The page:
What’s The One Question You Want To Ask A Monk?

What’s the one question you want to ask a monk but dare not? Well Pedro did.

It was a question that smashed the silence and washed in a gush of much needed relief. He didn’t completely come straight out and ask it but it was enough to have me cackle my obtrusive laugh as I rocked on my cushion on the floor of Heinsa Temple.

Our monk-ee (as he refered to himself) had taken 25 minutes to answer the first question and 30 minutes to not answer the second.  During our question and answer time with the monk, people were beginning to shuffle and stretch forwards in attempts to relax both bums and backs. Monks can sit up to 16hrs in meditation, monkee informed us. The road to Zen is not that Zen like. In fact, it was a little prison like. At least that was exactly what I was thinking as we shuffled across the courtyard of Heinsa Temple, double lined, holding our hands in front, heads bowed and wearing our gray prison garb / pyjamas.

Pedro, our tour leader, drove our group on a deep frosted Saturday morning up the mountain to the home of the Tripitaka. I knew the word Tripitaka but I wasn’t sure why. I think subconsciously it had stuck in my mind just because of the way it bounces and flings itself off the tongue …takaka… It turns out it is the name given to the most complete set of ancient Buddhist scriptures in existence which were carved onto 80,000 wooden blocks and still held in their architecturally genius building, designed to care for the wood. Although, to be quite honest, I was more concerned as to whether this 802 AD built temple would have heating. At 4.30pm we were joined on the blissful heated floor (the only thing more blissful than the Korean ondol are the heated toilet seats) by ten other foreigners wanting a slice of this bit of Korean culture. Monkee was also pretty cute. This Zen stuff was going to be easy.

Then came the prison gear, the silence, the mushroom soup, the sitting, the 3am alarm clock and the 108 bows. Apparently being zen requires you to not be able to walk the next day because each thigh feels like it has been stretched across the other due to the repeated bending up and down off the floor. However, we all put in the effort. Except for the silence. We were instructed that our stay should be done in silence, that included not eating nosily or clanking plates but as soon as we left our introduction sitting, whispers and giggles erupted. The French girls were the worst and when a monk burped in the dining hall. That was it.

Except it was me that had to swallow my judgment (along with the regretful mushroom soup) at their disregard of the zen requiring instructions when Pedro popped out his question. No food was to be left on the plate and I kicked myself for taking such a large bowlful of something that smelled of old socks. However, the biggest silence interrupter and giggle generator was actually carried out by a monk. It was the loudest thwack of bamboo on the wooden floor issued by the smiling monk to wake up a nodding meditator. My stomach hit my mouth at the sound, my eyes peeking into the dimly lit 4.30am room to see a unfortunate sleeper being prodded on each shoulder before having to bow as a mark of respect to say thank you.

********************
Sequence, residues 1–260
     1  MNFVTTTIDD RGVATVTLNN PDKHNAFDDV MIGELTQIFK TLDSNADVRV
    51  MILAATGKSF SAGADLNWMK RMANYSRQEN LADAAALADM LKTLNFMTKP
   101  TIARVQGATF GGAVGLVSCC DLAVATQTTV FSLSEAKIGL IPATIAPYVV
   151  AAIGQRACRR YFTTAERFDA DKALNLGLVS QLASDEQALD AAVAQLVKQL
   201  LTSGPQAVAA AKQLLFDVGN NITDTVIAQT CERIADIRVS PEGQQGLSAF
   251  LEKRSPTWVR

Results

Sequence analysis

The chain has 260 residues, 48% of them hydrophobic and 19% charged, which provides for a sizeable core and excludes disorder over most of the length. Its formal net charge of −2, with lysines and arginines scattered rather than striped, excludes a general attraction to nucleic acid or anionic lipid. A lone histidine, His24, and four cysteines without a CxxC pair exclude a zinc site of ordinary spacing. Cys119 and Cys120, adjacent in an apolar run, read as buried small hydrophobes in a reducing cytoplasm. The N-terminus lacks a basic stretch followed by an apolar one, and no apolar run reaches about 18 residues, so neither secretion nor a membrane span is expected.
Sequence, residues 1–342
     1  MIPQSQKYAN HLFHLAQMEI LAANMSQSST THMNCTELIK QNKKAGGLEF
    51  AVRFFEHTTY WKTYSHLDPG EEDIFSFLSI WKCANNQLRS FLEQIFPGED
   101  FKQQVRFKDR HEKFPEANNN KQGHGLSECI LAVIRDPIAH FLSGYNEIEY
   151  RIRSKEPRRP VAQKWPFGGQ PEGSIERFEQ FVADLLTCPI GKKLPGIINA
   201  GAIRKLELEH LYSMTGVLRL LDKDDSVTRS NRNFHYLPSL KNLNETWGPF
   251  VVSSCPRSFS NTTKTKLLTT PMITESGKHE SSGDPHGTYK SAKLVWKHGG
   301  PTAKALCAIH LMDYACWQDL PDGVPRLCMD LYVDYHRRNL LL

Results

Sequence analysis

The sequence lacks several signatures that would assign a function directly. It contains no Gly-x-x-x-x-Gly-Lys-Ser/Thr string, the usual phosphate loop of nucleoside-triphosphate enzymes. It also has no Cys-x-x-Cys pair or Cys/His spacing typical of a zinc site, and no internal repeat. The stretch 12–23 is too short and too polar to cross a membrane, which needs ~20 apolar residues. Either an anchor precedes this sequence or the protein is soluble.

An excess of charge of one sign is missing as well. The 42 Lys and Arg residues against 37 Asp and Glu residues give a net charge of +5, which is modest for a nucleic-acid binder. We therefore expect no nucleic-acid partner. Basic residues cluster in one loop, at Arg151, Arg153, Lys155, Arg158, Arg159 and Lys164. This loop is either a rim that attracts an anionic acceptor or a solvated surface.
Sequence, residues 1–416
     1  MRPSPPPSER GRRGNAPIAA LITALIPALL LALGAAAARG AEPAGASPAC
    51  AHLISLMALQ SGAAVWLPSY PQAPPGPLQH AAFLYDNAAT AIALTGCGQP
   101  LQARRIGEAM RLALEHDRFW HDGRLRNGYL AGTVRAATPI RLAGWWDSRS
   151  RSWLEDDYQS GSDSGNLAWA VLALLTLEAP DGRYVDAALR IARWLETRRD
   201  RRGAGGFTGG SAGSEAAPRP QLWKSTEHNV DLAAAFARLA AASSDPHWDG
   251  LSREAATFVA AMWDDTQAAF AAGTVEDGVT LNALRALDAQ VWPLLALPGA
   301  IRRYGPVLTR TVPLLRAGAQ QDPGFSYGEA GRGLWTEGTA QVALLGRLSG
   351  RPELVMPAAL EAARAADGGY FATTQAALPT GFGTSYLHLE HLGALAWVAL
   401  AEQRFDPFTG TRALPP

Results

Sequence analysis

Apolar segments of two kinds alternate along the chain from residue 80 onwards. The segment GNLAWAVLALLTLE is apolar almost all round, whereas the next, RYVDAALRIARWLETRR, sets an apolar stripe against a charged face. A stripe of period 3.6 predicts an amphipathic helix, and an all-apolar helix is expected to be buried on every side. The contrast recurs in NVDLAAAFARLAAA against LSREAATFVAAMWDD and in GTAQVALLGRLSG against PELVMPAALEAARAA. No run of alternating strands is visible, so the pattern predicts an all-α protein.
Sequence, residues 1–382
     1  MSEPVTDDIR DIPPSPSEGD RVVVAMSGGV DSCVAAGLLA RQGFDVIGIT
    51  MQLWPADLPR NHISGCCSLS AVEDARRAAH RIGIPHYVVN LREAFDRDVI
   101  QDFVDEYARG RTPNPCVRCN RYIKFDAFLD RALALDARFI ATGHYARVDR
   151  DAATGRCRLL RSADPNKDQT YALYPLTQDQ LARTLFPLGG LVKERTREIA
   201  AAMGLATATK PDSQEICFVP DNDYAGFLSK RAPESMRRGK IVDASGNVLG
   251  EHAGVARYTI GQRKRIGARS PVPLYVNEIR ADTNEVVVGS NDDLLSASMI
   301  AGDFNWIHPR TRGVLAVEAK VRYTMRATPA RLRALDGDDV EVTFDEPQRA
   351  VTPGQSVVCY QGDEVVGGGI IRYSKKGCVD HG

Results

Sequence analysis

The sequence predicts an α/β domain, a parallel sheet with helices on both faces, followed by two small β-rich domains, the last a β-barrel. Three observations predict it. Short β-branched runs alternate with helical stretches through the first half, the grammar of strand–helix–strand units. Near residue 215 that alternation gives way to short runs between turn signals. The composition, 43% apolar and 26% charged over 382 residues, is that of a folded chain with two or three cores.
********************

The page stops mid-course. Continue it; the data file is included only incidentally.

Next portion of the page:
At 9pm we tried to settle down on the floor to sleep knowing that we were to wake at an ungodly hour but we did it and in the 3am darkness, deep rumbles could be heard. We crunched over the frost and under sparkles to watch a monk bounce long arms across the biggest drum I have ever seen. Everything else was silent allowing the drumming to wake up every cell inside my body which were then bathed in the sound of 60 chanting monks. People say they will have experiences they never forget. This is mine. Their earthy tones amidst the green and golden colours of the temple in the crisp, fresh morning gave me something which I still carry. These sounds I will keep deep in my belly.

Monkee didn’t speak English but we listened through the most delicate and graceful translator. Lines would cross her face when the words were hard to find and physically we could see her every effort to relay monkee’s words. She sat back in silence when Pedro perked up onto his knees, looked round the room, nodded then bounced his out words,

I am a healthy man.

Once more he nodded around the room and internally I crunched knowing what was coming next.

What happens in your head when you see you a beautiful woman?

No sex was mentioned but Pedro’s eyes glinting from under his little round glasses were all that was needed. My outburst of laughter was an override to any giggles the French girls had made.

There was one sound we didn’t hear during our 15 hour temple stay. We never heard the answer.

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